beggars and restaurants

January 5, 2011

Yesterday was our 2 year anniversary. Yes, congratulations is in order. Since we moved closer to Pretoria inner-city this year, and are now living in Arcadia, everything which does not involve our jobs are an adventure in discovering a new world at the moment. Yes, we’ve visited the city many times over the past years, whether for leisure, with church-outreaches, or exploration (and Maryke worked in the inner-city for a few weeks 2 years ago), but it’s different now. The words of Bilbo literally make sense for us: “It’s a dangerous business, Frodo, going out your door”. Walking out our front door confronts us with a world which we don’t know the rules of.

So, we intentionally chose to celebrate out anniversary in a way which would contribute to this discovery. At this point my more excitedly missionary friends might be disappointed because I didn’t spend my anniversary with the homeless of the city, and my more middle-class-and-happy-to-be-so friends might be relieved that I didn’t confirm the fears they had of what I might be busy with, but we simply went to this quaint little restaurant, 2 blocks from where we live, which we found interesting before moving here. It’s called Taras Bulba Steakhouse. Nice place. Love the old black man that waiters the whole place, and by the look of it has been doing this job for many years, and does it real well.

Upon exiting we were confronted by a local beggar. Obviously starting out with the words: “I don’t want any money, just something to eat”.

I guess this is what you get when not going to malls: no one keeps the beggars away. Maybe this is part of the task of our malls and shopping centers: to make sure that you can get from the shop to the car without anyone reminding you that the middle class existence is not shared by everyone.

Obviously the idea of waiting till we were exiting the restaurant and then asking for food was planned. One might even call it manipulation, and maybe the world does fit what was happening. But is this wrong? Is it wrong that I am reminded of the fact that in this country some will go to bed hungry right after I’ve consumed my T-bone. Is it my right to live in a world where I can clear my roads of reminders of reality? Or is it the right of beggars to remind us of the reality in which we live? Or did I make the choice to be reminded of this reality when I chose Taras which opens onto Hamilton street, rather than the Spur in *** *** where numerous security guards would have made sure that this meeting would never happen?

A few months ago I was involved with a project installing solar panels in a squatter camp near our church. It involved standing on ladders, hammering stuff to wooded squatter wall pillars, screwing in light-holders, and sometimes walking on roofs to fasten solar panels (squatter roofs are stronger than you might think, and it’s quite a few seeing a squatter camp from the rooftops). It also involved a lot of time spent with the people in the community, especially the two young guys we worked with in the installation process.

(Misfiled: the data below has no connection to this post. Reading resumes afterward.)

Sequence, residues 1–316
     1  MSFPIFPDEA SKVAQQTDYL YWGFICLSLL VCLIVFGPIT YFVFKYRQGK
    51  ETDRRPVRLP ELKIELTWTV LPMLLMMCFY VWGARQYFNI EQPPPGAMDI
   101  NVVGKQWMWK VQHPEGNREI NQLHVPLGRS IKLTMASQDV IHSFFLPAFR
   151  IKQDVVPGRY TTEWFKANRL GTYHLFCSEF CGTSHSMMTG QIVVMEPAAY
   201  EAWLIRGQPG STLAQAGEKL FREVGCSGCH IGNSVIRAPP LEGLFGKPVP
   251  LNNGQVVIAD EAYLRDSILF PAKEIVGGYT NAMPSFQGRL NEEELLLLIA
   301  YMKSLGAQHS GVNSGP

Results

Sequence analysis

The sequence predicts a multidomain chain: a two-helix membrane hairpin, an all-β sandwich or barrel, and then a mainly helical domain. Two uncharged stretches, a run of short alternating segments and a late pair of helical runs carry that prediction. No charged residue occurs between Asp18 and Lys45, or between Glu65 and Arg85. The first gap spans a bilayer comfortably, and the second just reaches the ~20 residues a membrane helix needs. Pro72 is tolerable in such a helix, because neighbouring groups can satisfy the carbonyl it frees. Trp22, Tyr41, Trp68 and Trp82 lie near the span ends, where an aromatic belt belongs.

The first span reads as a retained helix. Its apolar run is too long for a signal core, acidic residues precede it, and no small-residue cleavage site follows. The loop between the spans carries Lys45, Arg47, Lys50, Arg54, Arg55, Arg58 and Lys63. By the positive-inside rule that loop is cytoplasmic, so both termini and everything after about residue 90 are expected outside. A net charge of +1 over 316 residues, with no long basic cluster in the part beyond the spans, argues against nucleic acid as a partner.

I’ve had a lot of discomfort with the project all along as well, which I’ll not dwell on in detail here, except for one aspect I’ve been reflecting on: On a typical day we would get to the settlement, get out our tools, and start at a point and work. In the houses, on the houses. We tried to be real civil, always asking permission, sometimes offering to come back later, trying to respect those whose property we were stepping onto, but we couldn’t rid ourselves of the reality that we kind of had this right to walk right past someones front door, right next to their houses, into their houses. Coming and going. Yes, they could tell us that we are not welcome, that we should go, but their is this kind of social consensus that we white people walking in-between the shacks has the right to do this.

But picture what happens when a black man walks down the road in the suburb. Picture what would happen if he decide to take a short-cut (corner) over someones lawn! Immediately the assumption would be that he is in the wrong, that this is not allowed! And ever though I was the guy coming in the stuff, I know that more than the stuff was at play when I was allowed free reign within the community. And I’m troubled by this reality.

As a white person I have the right to be skeptical of  a black person wandering around near my house.

However, as a white person I have the right to assume that wandering around in a poor black neighborhood is my right.

Shannon Sullivan helped me a lot, when she made the point that even white people who decide to move out of white neighborhoods because they want to fight their own racism, can very easily just be strengthening their privileged white self-understanding by this decision. The very fact that a white person can make the choice to live in a white suburban area, some of which has brilliant methods of keeping it rich and white, or make the choice to live in an inner-city environment, in a block of flats which is predominantly black people, or even in a squatter camp, is already an indebtedness to the privileged way in which the so-called “white race” has been constructed.

It’s a difficult journey then. Moving into a space, but also doing it and attempting to not come in as the white person who can determine how this space is ruled. More than that, allowing this space to make me uncomfortable, challenging my understanding of what the normalized space should look like. If I cannot open myself to the critique of  others, then maybe I’d better stay in my white suburb, rather than trying to extend my white space to again dominate those places where white people left so that others could now determine the rules.

It’s attempting to be changed by the space which I am not quite comfortable with, rather than coming in to change that space into something I am comfortable with.